Furthermore, it is pointed out that, while no physicist would say “electron is isomorphic to positron”, it is widely considered in logic and mathematics that “-1 is isomorphic to +1” and (-,+) bipolar symmetry, equilibrium, or non-equilibrium is not observable. If we check the history of negative numbers, we would find that the ancient Chinese and Indians started to use negative numbers thousands of years ago but European mathematicians resisted the concept of negative numbers until the 18th centuries (Temple 1986, pp.141) (Bourbaki 1998) (Martinez 2006).
Regardless of the great achievement of Western science and technology, it is undoubtedly necessary to bridge the gap between the Western positivist thinking and the Eastern balanced thinking for solving unsolved scientific problems. As “passion for symmetry” can “permeate the Standard Model of elementary particle physics” and can unify “the smallest building blocks of all matter and three of nature's four forces in one single theory” (The Royal Swedish Academy of Sciences 2008), it is not only reasonable but also inevitable to explore the bipolar equilibrium-based computing paradigm (Note: Equilibrium-based is to equilibrium and non-equilibrium as truth-based is to truth and falsity with fundamentally different syntax and semantics).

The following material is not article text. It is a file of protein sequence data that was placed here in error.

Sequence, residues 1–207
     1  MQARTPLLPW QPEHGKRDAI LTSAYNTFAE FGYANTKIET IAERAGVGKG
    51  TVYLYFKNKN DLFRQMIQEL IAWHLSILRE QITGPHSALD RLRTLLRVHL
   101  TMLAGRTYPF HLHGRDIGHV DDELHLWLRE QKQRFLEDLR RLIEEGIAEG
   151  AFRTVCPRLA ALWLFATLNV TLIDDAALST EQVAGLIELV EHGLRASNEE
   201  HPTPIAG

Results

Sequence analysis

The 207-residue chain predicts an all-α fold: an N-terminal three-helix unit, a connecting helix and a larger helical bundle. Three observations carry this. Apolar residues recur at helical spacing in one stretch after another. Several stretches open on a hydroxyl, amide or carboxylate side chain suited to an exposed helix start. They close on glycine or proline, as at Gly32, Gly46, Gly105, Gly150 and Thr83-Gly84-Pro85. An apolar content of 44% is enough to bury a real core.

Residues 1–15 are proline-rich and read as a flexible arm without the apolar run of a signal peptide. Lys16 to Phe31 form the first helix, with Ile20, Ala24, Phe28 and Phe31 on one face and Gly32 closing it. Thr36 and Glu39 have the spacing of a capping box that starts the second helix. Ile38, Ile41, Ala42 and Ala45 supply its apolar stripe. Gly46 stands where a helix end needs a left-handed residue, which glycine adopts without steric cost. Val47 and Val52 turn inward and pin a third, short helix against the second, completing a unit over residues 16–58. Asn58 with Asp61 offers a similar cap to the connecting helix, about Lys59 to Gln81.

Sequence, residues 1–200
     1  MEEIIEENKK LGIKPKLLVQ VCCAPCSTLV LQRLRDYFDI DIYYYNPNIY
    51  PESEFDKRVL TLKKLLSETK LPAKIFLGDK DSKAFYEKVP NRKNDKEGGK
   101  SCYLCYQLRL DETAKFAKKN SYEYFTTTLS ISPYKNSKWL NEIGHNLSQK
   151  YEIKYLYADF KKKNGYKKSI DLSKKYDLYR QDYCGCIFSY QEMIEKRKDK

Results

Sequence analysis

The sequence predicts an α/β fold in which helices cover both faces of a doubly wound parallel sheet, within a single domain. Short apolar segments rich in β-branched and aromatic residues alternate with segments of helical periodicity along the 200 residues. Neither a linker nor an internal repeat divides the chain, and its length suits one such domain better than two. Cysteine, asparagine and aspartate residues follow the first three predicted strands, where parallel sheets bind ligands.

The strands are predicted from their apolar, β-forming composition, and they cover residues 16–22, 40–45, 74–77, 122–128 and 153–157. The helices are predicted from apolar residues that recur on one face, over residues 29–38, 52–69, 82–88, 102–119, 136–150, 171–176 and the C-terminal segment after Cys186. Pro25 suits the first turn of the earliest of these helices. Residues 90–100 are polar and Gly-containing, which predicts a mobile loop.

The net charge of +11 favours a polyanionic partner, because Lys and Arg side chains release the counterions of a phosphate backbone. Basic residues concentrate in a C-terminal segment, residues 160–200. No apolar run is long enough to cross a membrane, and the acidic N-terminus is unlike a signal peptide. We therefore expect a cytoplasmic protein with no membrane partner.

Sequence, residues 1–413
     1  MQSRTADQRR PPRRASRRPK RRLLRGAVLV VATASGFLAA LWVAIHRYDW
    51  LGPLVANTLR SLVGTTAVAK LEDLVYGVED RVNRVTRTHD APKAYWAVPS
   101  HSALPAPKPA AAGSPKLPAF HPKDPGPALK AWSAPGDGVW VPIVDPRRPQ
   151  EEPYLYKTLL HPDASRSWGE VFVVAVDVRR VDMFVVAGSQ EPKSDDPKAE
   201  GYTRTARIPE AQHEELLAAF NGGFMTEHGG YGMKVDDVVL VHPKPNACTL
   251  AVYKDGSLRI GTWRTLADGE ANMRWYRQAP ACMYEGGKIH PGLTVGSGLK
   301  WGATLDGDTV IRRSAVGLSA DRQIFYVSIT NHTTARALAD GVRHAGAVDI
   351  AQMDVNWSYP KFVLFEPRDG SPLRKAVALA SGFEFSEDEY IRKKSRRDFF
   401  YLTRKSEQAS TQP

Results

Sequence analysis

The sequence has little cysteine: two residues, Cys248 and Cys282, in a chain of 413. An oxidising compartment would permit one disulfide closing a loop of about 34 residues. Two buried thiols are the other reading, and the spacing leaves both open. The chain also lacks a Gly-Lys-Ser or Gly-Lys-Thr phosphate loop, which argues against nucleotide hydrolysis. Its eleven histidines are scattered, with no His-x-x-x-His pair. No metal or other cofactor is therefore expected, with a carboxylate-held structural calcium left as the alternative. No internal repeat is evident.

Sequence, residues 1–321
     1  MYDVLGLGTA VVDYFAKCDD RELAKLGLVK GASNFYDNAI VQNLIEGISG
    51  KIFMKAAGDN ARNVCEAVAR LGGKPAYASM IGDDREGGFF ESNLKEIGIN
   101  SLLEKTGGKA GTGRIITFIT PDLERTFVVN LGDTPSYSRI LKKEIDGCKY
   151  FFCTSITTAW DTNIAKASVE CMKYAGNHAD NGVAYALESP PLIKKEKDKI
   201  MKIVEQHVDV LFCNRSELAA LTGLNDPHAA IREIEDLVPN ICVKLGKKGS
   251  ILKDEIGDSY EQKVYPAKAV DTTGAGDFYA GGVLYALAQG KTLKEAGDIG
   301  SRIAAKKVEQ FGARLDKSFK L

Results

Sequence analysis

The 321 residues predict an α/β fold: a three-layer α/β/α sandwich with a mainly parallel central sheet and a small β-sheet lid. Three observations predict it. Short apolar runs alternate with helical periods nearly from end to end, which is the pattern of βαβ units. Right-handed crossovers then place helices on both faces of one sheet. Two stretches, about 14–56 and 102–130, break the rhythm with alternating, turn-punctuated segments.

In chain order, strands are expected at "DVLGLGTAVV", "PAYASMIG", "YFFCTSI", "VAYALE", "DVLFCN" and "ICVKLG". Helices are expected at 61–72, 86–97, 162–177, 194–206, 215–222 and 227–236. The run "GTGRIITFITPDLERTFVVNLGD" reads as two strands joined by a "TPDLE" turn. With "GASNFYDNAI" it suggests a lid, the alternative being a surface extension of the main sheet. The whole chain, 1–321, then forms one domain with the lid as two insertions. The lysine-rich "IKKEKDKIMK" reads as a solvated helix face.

YinYang bipolar relativity is intended to be a logical unification of general relativity and quantum mechanics. The monograph can be considered the first step to address the gigantic topic with real-world applications in both natural and social sciences focused on quantum computing and agent interaction in socioeconomics, cognitive informatics and life sciences. Subjects opened in the book can be further addressed in succeeding volumes in depth.